5. When is it the best time to visit?

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Saruni Samburu is open all year round and a safari is recommended during any month of the year. The resident population of wild animals remains spectacular from Jan-Dec, with a high concentrations of wildlife and birdlife. The ‘Samburu Five’ (Beisa oryx, reticulated giraffe, Grevy’s zebra, Somali ostrich and gerenuk) are abundant in any season. Elephants are one of the main attractions in Samburu any day of the year. Just keep in mind that January, February and March tend to be the hottest months in what is – normally – a hot and arid part of the country.

Saruni Samburu stands at 2500 ft. altitude. The Samburu ecosystem is a well-known area in central Kenya comprising of Buffalo Springs National Reserve, Samburu National Reserve and Kalama Conservancy. The natural environment is arid and semi-arid; open scrub and grasslands with significant environmental variation 2 based on altitude. Highlands of the Leroghi Plateau (Ldonyo) are relatively cool and well-watered. Lowlands (Lpurkel) are quite dry and hot, semi-desert.

4. What makes Saruni Samburu and the area so special?

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Samburu has a very evocative and iconic landscape that reminds each visitor of “the Africa of my dreams”: dry and stunningly beautiful, wild and at the same time serene. Samburu also has one of the best concentrations of elephant, but also good numbers of lion, leopard and as well as the plains game. Then, there’s the Samburu Special Five: Grevy’s zebra, reticulated giraffe, Beisa oryx, Somali ostrich and gerenuk (species that occur only in this part of the country). Wild dogs are also regularly seen. You will experience no crowds: the fact that we have exclusive use of our own private wilderness of Kalama Conservancy, a vast and pristine wilderness of over 200,000 acres, make your game drives unique and uncrowded.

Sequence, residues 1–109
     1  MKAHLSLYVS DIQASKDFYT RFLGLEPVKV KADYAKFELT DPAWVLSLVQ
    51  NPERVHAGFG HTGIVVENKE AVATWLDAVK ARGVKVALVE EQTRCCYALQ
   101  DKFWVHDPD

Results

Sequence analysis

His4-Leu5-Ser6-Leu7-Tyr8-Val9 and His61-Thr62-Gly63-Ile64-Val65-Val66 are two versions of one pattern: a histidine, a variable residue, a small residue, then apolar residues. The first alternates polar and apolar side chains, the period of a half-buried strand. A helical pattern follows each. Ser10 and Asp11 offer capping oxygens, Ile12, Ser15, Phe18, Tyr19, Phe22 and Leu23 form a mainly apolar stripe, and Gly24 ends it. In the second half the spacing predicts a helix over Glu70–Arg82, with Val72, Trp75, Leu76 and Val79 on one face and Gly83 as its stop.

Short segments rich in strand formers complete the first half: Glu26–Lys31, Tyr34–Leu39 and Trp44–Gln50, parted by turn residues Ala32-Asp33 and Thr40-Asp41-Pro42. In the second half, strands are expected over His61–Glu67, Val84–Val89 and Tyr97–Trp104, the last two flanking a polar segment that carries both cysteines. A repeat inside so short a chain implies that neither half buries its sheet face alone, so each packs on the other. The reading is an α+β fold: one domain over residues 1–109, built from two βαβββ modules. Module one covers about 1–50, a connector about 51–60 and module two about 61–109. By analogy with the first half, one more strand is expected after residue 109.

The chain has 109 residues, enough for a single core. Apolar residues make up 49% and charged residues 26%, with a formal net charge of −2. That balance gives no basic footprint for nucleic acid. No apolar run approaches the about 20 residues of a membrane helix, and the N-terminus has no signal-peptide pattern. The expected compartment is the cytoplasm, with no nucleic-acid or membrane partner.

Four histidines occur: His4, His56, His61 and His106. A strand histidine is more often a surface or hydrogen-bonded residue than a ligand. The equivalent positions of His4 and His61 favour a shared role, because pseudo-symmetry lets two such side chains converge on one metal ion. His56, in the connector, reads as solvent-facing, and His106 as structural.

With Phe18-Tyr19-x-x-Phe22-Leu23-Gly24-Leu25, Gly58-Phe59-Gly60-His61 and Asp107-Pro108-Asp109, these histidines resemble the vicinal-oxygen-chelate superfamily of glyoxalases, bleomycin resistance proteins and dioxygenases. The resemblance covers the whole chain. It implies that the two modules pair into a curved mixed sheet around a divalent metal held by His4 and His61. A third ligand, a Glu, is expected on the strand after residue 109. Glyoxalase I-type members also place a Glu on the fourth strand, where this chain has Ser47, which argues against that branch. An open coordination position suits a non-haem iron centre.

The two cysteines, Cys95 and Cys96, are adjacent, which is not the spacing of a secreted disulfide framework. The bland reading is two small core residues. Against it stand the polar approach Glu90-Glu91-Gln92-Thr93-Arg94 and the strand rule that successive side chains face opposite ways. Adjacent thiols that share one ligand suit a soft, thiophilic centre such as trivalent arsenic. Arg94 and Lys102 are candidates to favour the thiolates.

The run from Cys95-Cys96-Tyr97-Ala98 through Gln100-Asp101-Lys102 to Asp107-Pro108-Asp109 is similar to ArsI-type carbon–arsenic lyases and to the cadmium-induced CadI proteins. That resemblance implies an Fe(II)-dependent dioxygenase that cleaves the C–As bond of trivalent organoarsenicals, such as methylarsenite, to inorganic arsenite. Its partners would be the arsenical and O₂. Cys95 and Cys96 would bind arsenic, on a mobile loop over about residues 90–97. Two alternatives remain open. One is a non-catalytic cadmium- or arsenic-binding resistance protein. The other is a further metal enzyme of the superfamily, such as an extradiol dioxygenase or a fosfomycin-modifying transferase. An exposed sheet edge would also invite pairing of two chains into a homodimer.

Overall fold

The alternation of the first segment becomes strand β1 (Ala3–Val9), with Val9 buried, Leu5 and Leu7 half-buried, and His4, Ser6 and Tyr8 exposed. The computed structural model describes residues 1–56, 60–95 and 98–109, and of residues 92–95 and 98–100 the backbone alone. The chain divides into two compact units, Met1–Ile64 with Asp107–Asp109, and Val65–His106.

Saruni Samburu has the ‘WOW’ factor from start to finish – imagine 360 degree views and not a visible light at night. You feel as if you have stepped back in time. The discreet eco-design of the lodge is spread out over levels, offering privacy, exclusivity and maximises the incredible vistas and views, making it perfect for couples, honeymooners and families alike – six villas offer a very personal stay. All villas have open sides to take in the fabulous panoramic views. After a thrilling game drive, unwind at one of our two infinity pools, treat yourself to a rejuvenating spa treatment or simply relax in your private lounge; you will really feel like you are on top of the world!

2. What is the difference between a private conservancy and the Samburu National Reserve?

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Private conservancies are owned and managed by private Samburu landowners and supported by investors in the tourist industry. The Samburu National Reserve, on the contrary, is owned and managed by a local government authority called the Samburu County Government. In the case of private conservancies, the income coming from tourism goes directly to the landowners, in the case of the National Reserve it goes to the local government. The main difference, though, is that private conservancies allow only a limited number of properties/lodges and vehicles to use them, while this limitation does not exist in the National Reserve. Furthermore, private conservancies allow walking and night driving, even if strictly regulated, while the National